Stupid Chocolate Tricks I: “Balloon” Cups
Here are a few things that don’t go together: impossibly delicate chocolate molds, outdoor photography and July. Fortunately I made a lot of cups and garnishes. Edible “balloon” cups are nothing new, but still a great way to wow guests at a dinner party. You can make them ahead and store them in the fridge until you’re ready to fill and present them.
Start with the balloons. I like’em small because big balloons make big cups that you have to fill with lots of dessert or ice cream. Little ones are a bit more challenging but work a lot better, especially if they’re filled with rich peanut butter mousse, as these are. Mrs. Pastry calls this dessert “peanut butter cup of the gods”, and it’s hard to disagree.
These little balloons — made for water balloons — can be had in most toy stores.
I only blow them up a little bit.
Dip them in meted chocolate, ideally tempered dark chocolate which will make firmer cups with a nicer “snap” when you bit into them.
Get a nice coat on there, wait a few seconds…
…and dip a second time.
Place them on a parchment-lined sheet. They’ll make their own little “feet.”
Allow them to cool completely, especially if the chocolate is tempered, about an hour. When they’re firm, freeze them for about twenty minutes before handling them.
Remove the balloon by clipping the very ends with scissors. This keeps them from popping and damaging the cups.
The balloons will stick to the interiors of the cups, probably. It can be a little difficult extracting some of them, since the thin, thin cup walls start melting as soon as you touch them. If you have difficult balloons, grasp the cup by the “foot” with the fingers of one hand and peel the ballon out with the the fingers of the other — but just for second or two. If the cup is starting melt and you haven’t fully extracted the balloon, put the cup back in the freezer for a minute or so and have another go.
When you’ve extracted all your balloons you can store the cups in the fridge or on the counter, provided it’s not hot in your kitchen. Fill them at your leisure. I spooned in some peanut butter mousse, then piped a curlicue of mousse on the top. I could have piped it all in but I dunno, I wasn’t thinking clearly.
For the garnish, I used a fork to drizzle some free-form shapes on a parchment sheet at the same time I made the cups. I likewise let them firm, then froze them. I peeled them off when the cups were filled and I was ready to serve, like so:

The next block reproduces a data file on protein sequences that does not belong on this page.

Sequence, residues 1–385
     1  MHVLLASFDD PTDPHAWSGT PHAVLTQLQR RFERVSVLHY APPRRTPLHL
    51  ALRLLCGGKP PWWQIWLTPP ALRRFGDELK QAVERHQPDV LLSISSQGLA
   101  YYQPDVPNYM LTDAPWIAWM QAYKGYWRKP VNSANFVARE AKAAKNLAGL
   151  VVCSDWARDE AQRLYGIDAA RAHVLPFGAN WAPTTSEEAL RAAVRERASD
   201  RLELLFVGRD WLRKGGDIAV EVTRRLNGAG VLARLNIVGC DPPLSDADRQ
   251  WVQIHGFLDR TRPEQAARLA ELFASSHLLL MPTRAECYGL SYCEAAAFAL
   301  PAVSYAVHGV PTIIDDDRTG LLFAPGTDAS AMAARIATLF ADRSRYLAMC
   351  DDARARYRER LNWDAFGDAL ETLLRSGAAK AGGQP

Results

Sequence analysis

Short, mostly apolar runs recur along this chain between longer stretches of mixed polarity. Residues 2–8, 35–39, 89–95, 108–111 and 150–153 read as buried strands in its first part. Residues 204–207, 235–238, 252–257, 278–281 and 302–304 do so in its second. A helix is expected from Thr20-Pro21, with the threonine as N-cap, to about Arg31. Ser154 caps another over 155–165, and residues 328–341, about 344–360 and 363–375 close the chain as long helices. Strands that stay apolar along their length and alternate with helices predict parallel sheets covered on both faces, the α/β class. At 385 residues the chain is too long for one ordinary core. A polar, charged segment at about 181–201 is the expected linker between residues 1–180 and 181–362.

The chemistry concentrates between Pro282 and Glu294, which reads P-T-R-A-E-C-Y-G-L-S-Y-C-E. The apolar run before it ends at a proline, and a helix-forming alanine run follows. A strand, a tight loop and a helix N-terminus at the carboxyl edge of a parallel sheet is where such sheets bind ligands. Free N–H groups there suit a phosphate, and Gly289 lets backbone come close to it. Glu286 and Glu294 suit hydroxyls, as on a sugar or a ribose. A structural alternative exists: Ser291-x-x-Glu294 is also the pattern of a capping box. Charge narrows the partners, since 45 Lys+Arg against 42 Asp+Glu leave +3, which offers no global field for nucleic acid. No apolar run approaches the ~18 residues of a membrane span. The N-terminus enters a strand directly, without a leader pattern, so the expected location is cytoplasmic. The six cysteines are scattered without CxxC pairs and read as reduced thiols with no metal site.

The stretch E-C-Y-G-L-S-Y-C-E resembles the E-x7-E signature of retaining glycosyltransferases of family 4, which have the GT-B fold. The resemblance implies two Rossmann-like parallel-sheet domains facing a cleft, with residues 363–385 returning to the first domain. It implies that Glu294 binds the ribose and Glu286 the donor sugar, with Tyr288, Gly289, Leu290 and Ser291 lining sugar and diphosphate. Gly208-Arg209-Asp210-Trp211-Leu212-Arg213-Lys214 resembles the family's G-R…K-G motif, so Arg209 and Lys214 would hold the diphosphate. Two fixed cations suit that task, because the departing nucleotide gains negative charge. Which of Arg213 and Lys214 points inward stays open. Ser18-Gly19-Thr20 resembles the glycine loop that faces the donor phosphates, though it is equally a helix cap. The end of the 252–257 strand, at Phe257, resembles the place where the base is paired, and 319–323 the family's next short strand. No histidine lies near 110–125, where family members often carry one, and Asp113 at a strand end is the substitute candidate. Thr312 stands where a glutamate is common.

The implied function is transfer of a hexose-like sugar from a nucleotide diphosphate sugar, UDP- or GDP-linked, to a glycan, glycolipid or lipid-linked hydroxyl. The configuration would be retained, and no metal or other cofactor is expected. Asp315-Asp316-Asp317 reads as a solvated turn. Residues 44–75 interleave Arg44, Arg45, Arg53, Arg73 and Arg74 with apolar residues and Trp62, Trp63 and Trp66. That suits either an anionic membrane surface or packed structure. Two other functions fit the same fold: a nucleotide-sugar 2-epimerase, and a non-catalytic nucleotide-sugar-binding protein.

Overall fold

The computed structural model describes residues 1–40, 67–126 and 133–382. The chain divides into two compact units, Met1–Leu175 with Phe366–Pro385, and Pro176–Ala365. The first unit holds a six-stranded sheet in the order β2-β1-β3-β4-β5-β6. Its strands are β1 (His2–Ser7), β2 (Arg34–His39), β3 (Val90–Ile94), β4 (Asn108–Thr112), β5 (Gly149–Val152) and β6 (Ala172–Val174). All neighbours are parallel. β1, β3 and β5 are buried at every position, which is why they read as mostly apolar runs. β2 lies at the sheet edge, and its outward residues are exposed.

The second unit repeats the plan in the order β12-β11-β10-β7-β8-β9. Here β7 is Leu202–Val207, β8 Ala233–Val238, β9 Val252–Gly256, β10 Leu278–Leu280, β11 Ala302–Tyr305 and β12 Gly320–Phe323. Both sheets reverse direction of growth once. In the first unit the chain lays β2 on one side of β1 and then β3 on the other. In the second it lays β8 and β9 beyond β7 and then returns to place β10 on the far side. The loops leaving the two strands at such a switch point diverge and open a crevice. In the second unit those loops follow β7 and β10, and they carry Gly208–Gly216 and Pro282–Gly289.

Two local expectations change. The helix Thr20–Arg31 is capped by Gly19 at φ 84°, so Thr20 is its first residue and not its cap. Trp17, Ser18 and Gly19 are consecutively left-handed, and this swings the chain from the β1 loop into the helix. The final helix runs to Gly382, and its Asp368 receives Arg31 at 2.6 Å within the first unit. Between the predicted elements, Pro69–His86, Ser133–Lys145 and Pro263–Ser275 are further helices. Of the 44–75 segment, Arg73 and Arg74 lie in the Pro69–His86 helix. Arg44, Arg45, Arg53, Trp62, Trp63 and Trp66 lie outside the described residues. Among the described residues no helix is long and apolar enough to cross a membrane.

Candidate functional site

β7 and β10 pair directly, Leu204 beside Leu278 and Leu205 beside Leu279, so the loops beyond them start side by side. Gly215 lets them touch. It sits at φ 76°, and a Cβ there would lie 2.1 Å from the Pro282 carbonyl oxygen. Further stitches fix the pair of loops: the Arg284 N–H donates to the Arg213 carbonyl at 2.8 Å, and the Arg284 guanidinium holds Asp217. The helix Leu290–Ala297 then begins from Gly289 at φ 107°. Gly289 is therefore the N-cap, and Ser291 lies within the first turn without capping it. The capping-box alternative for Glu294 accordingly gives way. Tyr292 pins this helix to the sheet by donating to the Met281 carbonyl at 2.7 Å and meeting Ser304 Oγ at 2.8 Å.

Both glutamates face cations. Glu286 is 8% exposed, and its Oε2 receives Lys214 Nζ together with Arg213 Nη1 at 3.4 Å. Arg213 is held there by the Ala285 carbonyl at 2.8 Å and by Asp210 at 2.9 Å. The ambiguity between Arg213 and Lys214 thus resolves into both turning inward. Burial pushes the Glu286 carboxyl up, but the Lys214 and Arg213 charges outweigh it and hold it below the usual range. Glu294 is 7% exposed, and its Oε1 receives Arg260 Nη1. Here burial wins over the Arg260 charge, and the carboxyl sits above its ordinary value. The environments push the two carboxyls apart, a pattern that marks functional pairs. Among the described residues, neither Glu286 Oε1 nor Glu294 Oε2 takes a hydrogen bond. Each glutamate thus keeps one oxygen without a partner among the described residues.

Easy as pie.
17 thoughts on “Stupid Chocolate Tricks I: “Balloon” Cups”
I usually like to rub the balloons with a little bit of crisco/shortening before dipping them–helps solve the sticking problem a bit. I would caution folks about the type of balloon they use, though–I ran out of my usual and bought a budget brand of balloons, which exploded upon being dipped in the warm chocolate. Not a fun cleanup, I assure you!
Nce idea, Mel! I actually had one pop on me, now that you mention it. My shirt is a mess. Another reason to always wear an apron. – Joe
This is super neat! If you freeze and dip over and over would it make thicker cups? Or if you alternated white and brown chocolate would it make a stripy pattern when broken?
Yes you certainly can double-dip. The cups need not be frozen for that. And in fact if you’ve tempered your chocolate you only need to bring it back up to temperature (slowly) to 89 degrees. Use a hot watter bath as in the tempering tutorial under Techniques to the left. Thanks for the note, Tiff!
And the chocolate doesn’t pick up a “rubbery” taste from the balloons? Too scared to try the peanut butter mousse, looks like it could be just the thing to totally ruin my diet!
I haven’t noticed it. But try the mousse one of these days. You’ll love it!
…which, I understand, might be the problem.
Must the chocolate be tempered? Can I just melt a quantity of chocolate sufficient to make a few cups?
I have tried various tutorials online and the different techniques suggested for tempering chocolate. But I have had absolutely no luck. I live in Florida where temperature and humidity are not kind to chocolate. I have tried the balloon cups in the past but only achieved the kind of result which could only be eaten in the dark and behind closed doors. (Not unsatisfying in its own way, but ….)
This inability to properly tempere chocolate has been one of the great failures of my culinary experimentation (yeasted doughs is another).
You certainly can just melt chocolate if you like. Just use two coats of chocolate and keep the cups well refrigerated. They’ll work just fine. As for the yeast dough, we need to have a conversation about that.
Please be gentle.
joe pastry…..”The Artisan” as always…..!
Ha! Thanks, Happy.
This is ingenious!
I wish I could say I’d thought of it! 😉
Hi Joe, I have to say that I came across your website by coincidence looking for the difference in Extract or Emulsion? I have read allot of your suggestions and peoples comments and I have learned and enjoyed reading them. I don’t see any blogs from 2013, and 2014. I hope you find yourself in good health. Thank you for all your suggestions I am sure going to keep you handy for all my future baking. God bless you
I’m in very good health, thanks, and still posting most days. Just click the grey Joe Pastry logo in the upper left corner on any page you land on and it’ll take you to the most recent page!
Cheers and thanks for checking in!
Is it safe to use water balloon for cooking? I haven’t tried it before because afraid of some chemical might be stick on the balloon.
Thanks for great recipes 🙂
I’m sure it’s no worse than applying your lips to it to blow one up (and there are surely Federal regs out there that anything a consumer inserts into his/her mouth must be food safe to a point). I’m not saying there aren’t any chemicals in there, but I’ve noticed no ill effects so far!